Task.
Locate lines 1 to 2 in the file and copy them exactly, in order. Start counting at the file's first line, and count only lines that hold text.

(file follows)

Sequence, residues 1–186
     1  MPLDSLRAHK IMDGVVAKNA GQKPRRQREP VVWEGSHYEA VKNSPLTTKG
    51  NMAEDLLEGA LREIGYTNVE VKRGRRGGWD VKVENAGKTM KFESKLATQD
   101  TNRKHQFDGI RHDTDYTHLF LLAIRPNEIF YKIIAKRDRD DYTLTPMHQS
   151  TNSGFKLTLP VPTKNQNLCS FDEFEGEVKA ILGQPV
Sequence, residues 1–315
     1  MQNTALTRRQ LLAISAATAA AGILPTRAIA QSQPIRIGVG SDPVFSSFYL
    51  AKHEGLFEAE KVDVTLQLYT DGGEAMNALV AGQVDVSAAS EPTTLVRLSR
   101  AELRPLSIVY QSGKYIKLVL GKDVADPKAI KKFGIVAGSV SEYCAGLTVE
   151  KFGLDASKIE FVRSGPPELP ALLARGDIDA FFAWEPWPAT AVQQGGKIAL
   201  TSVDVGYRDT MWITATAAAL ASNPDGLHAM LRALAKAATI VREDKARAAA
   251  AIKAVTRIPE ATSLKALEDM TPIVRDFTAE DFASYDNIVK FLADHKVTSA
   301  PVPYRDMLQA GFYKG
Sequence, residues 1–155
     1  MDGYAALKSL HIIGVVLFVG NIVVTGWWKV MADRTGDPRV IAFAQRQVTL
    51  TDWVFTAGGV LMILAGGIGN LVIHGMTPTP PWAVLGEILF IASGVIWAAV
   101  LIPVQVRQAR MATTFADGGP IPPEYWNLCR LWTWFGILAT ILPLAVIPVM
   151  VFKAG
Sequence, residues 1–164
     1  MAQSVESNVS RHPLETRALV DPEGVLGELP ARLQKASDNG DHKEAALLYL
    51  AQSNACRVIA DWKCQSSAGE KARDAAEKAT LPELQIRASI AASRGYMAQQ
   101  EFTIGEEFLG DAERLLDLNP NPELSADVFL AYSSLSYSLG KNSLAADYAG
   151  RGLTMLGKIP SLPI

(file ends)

Sequence, residues 1–186
     1  MPLDSLRAHK IMDGVVAKNA GQKPRRQREP VVWEGSHYEA VKNSPLTTKG